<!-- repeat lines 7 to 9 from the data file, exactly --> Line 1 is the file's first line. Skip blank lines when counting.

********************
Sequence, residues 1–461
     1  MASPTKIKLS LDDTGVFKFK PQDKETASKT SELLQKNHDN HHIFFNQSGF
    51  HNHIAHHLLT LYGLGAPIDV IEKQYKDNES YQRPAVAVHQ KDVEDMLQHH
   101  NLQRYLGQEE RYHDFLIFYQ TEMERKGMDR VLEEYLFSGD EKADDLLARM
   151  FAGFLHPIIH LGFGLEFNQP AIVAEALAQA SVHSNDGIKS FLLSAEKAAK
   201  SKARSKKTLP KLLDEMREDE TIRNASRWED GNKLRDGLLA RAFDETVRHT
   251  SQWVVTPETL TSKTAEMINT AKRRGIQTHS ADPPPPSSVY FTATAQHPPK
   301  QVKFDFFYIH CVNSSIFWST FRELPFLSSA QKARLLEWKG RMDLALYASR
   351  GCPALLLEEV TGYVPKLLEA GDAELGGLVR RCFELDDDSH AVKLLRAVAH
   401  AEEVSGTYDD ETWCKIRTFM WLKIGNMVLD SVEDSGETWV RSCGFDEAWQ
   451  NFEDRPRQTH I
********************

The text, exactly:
   251  SQWVVTPETL TSKTAEMINT AKRRGIQTHS ADPPPPSSVY FTATAQHPPK
   301  QVKFDFFYIH CVNSSIFWST FRELPFLSSA QKARLLEWKG RMDLALYASR
   351  GCPALLLEEV TGYVPKLLEA GDAELGGLVR RCFELDDDSH AVKLLRAVAH